Splinting or bracing:

You may be given a split or brace to immobilize the painful area.


NSAIDs like ibuprofen or naproxen can help reduce pain and inflammation. Muscle relaxers can help ease compression caused by tight or spastic muscles.

Corticosteroid injections:

Steroids can sometimes help relieve pain and reduce inflammation.

Physical Therapy:

Certain exercises and stretches combined with lifestyle modification can help relieve nerve pressure and prevent its return.


When conservative treatment is unsuccessful in relieving radiculopathy, surgical intervention may be a last resort to remove bone spurs or a portion of a herniated disk in the spine.

Clinical Case Studies

Peroneal Nerve Entrapment

Our female patient came to us after unsuccessful treatment at another clinic. She presented with painful hip snapping, leg paresthesia (tingling/numbness), low back pain, sacroiliac(SI) joint pain, and gluteal pain.

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atient with Facial Pain and Complex Neurological Dysfunction Successfully Treated with Alternative Therapies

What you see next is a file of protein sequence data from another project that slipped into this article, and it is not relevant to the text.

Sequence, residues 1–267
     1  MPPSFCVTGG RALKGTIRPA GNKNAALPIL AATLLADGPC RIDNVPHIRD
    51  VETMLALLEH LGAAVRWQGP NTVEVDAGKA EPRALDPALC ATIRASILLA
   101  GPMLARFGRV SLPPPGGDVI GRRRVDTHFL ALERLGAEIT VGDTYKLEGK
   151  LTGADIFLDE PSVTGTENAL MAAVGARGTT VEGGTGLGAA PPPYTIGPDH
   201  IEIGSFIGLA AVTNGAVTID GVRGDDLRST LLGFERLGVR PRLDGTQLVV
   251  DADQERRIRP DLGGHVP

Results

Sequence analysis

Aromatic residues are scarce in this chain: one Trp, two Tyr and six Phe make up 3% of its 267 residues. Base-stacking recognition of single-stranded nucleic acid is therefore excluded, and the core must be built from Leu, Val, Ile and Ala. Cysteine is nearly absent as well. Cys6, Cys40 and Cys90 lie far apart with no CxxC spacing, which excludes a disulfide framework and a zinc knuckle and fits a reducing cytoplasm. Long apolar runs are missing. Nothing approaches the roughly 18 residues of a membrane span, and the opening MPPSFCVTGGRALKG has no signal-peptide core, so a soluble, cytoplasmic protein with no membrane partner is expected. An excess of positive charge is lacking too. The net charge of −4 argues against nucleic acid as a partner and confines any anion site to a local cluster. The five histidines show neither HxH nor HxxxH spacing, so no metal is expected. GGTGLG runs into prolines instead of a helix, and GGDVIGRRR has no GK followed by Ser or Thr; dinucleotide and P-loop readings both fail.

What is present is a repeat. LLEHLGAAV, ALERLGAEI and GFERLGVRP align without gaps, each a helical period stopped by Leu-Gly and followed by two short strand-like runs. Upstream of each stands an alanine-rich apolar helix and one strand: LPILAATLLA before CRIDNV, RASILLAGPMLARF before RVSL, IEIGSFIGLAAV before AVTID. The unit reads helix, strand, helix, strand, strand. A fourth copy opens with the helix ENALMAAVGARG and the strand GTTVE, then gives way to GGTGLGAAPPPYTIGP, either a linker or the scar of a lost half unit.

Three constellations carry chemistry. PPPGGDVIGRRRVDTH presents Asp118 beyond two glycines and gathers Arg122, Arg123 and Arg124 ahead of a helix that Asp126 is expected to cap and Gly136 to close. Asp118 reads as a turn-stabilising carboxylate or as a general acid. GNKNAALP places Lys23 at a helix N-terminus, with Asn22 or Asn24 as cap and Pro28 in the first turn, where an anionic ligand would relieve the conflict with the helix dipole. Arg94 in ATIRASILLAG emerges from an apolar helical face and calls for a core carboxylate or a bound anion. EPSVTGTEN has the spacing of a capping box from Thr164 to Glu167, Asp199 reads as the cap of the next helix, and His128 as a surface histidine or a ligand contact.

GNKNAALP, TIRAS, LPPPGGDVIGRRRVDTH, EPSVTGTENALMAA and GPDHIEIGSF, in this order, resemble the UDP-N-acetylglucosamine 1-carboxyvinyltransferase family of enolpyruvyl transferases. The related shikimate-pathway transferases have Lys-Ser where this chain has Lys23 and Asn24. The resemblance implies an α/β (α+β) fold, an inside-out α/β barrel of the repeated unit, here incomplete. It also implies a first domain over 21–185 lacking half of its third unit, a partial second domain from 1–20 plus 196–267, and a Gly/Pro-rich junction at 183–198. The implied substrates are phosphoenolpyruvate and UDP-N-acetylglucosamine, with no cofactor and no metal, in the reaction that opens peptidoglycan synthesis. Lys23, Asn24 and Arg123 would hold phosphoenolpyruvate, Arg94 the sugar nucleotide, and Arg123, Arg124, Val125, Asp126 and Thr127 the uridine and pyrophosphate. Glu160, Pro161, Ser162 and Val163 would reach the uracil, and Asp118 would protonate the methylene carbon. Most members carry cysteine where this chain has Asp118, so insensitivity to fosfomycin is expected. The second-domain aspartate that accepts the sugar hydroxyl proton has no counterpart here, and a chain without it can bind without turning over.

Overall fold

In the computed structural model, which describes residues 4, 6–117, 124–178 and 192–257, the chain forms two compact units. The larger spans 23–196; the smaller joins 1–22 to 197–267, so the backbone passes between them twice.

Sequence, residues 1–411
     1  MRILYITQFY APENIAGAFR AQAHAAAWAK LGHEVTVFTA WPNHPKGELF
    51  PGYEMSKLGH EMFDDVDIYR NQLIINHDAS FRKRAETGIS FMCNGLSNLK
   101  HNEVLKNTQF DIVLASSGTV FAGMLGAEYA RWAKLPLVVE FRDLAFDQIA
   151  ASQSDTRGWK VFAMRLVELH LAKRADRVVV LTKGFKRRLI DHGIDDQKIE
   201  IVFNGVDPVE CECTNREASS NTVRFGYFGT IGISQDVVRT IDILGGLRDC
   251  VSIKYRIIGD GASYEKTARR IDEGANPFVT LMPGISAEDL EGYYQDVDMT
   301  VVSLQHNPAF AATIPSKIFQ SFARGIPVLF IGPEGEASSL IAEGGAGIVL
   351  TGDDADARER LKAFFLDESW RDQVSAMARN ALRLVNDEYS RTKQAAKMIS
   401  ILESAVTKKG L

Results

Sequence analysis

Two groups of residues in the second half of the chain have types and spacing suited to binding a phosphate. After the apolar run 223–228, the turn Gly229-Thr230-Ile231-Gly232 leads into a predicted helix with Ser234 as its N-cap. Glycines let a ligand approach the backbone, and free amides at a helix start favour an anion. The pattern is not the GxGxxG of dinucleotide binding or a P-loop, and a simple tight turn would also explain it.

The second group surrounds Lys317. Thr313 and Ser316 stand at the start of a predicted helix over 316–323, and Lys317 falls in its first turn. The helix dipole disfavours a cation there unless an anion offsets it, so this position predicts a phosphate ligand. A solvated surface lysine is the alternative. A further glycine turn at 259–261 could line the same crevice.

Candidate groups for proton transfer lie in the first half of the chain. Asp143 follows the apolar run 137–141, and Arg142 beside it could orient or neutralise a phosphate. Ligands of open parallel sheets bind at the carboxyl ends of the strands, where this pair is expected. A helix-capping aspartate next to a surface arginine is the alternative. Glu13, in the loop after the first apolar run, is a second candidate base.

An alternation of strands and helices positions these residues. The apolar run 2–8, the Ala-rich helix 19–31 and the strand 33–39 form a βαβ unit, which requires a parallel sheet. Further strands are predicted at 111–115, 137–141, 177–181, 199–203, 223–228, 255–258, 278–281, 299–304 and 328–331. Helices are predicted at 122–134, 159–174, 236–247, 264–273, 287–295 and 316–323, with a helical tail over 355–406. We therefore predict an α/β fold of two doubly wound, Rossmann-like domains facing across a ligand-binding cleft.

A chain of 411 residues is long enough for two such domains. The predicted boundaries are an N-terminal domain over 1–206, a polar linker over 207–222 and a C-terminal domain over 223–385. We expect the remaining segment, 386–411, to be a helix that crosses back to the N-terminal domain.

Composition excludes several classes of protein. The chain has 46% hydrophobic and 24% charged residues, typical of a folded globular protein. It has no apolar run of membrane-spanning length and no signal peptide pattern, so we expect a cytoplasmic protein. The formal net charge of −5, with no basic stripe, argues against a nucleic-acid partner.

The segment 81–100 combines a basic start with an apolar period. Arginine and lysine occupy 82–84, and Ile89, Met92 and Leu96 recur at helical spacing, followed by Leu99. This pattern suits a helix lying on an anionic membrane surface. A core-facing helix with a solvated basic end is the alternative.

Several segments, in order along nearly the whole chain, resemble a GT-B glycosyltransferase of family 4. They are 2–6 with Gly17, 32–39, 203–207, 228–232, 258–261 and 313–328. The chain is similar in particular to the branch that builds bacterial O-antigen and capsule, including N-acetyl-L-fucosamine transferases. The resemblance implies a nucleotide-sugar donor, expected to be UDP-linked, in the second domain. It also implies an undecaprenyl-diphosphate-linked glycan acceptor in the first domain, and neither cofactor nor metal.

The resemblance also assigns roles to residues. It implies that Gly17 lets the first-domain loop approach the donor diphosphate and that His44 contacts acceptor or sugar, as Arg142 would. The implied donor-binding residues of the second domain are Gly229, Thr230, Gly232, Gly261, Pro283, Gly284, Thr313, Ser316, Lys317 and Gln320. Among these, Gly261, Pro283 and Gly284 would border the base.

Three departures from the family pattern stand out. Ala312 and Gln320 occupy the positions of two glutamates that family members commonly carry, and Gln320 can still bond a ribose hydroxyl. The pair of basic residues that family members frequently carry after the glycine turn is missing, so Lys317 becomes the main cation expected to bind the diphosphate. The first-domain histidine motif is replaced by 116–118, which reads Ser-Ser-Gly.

Our patient, a 28 year-old male, had been suffering for over two years with unexplained facial and upper body pain. He had seen two separate neurologists and undergone MRIs of his brain and cervical spine, with no concrete diagnosis.

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Ulnar Neuropathy in the Cubital Tunnel

Our patient is a 53 year-old female who came to us complaining of left shoulder/neck pain, elbow pain, and numbness and tingling extending to her fourth and fifth fingers. In the two weeks prior to her visit to our clinic, her elbow pain had begun to intensify.

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Pinched Nerve Doctor at NYDNRehab

The nerve pain specialists at NYDNRehab take a holistic approach to treating radiculopathy. We go beyond merely treating your symptoms, pulling out all the stops to get to the source of your pain and eliminate it. Using cutting-edge technology and innovative treatment methods, we correct misalignmentsm imbalances and motor deficiencies to resolve radiculopathy at its source.

Treatment approaches for radiculopathy at NYDNRehab include: Dynamic Neuromuscular Stabilization (DNS):

This safe and effective treatment method for back, neck, and shoulder pain restores dysfunction of the locomotor system to enable nerves to move freely within your body.

Extracorporeal shockwave therapy (ESWT):

By sending shock waves to the site of injury, ESWT helps the body heal itself, accelerating cell regeneration while relieving inflammation.